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Review: The Actor


A WHITE mask; stained by a drop of blood. This was the opening shot of actor and director Aidan Whytock’s The Actor. And it’s significant for the motif of the movie – exploring the masks actors wear in character.

When actors go method, they become so immersed, blurring that the line between reality and make-believe. The Actor explores this train of thought in a very interesting style. Viewers get to see different sides to the protagonist Simon (Wytock). On the one hand he is in ambitious actor, and, on the other, he tries to be a good father.

The story has a strong supernatural overtone, where, in Simon’s attempt to clinch an audition, he succumbs to the darkness of the character. The actor can’t seem to separate himself from his character; and the demon possessing him.

What’s also interesting is how the director uses sound design and imagery to propel the story of the actor being possessed. Working with a shoestring budget of R49 000, isn’t without serious challenges for the director. Perhaps, with a work workable amount, Whytock would have been able to invest more in the special effects on this psychological horror.

But, with the use of dark lighting, distortion of the camera angles, he managed to create a suitably scary atmosphere – a mirror to Simon’s darkening soul and his violent acts spiralled out of control.

Simon, meanwhile, also finds himself confronting his fears as well as buried emotions of anger. Some of these emotions are directed towards his ex-wife Emily and some are aimed at his agent Nathan.

As the possession of Simon grows stronger, he finds himself losing more of him. While he cannot remember his actions the next day, the camera becomes his reality and truth as everything is captured on it for him to see.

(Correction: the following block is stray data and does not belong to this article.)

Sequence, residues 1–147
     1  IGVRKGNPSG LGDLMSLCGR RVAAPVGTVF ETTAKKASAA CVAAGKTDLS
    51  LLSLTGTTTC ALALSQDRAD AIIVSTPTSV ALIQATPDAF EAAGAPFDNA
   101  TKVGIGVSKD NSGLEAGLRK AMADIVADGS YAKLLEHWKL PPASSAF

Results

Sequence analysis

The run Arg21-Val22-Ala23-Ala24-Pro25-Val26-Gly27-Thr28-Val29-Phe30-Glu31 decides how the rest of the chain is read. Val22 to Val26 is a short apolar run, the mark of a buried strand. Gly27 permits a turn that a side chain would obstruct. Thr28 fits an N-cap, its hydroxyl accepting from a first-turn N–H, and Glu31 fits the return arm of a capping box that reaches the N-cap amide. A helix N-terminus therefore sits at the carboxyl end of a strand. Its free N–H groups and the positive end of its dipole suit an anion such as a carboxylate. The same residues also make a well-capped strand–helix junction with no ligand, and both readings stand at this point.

Many emotions are laid bare. There is an unmistakable sense of loss; a sense of desperation, and, rather interestingly, a yearning for change. Simon wants to change that struggling (more like stagnant) actor perception to one that is more flattering. It’s a yearning of most actors: to be successful; to make their loved ones proud.

There’s this sense of embarrassment and desperation with Simon. He seeks approval from Emily, Nathan and Sarah, his 12 year old daughter. He wants the kids to be proud of the acting pedigree they come from.

Sadly, in taking on the sinister role, he undid everything he tried to make right.

The concept of making a movie within a movie is interesting. Many of the shots are of Simon speaking to the audience through the camera. While he does so and becomes married to his mask, symbolically and literally, his daughter watches on, in the hope, that the “real” him would surface again.

This mask then poses some interesting questions: is it a good or bad thing – and for whom, was the sacrifice of his soul worth it?

That’s where the words of Oscar Wilde, quoted at the opening and the end of the movie, echo once again: “Man is least himself when he talks in his own person. Give him a mask and he will tell you the truth.”



This review is part of Talent press, a hands-on development programme of Talents Durban. The 8th Talents Durban is organised by the Centre for Creative Arts at the University of KwaZulu-Natal in co-operation with the Berlinale Talents Programme with support from the National Film and Video Foundation, German Embassy, Goethe Institut South Africa, the Gauteng Film Commission and a range of other valued partners.


Sharlene Versfeld / Ayanda Mabanga

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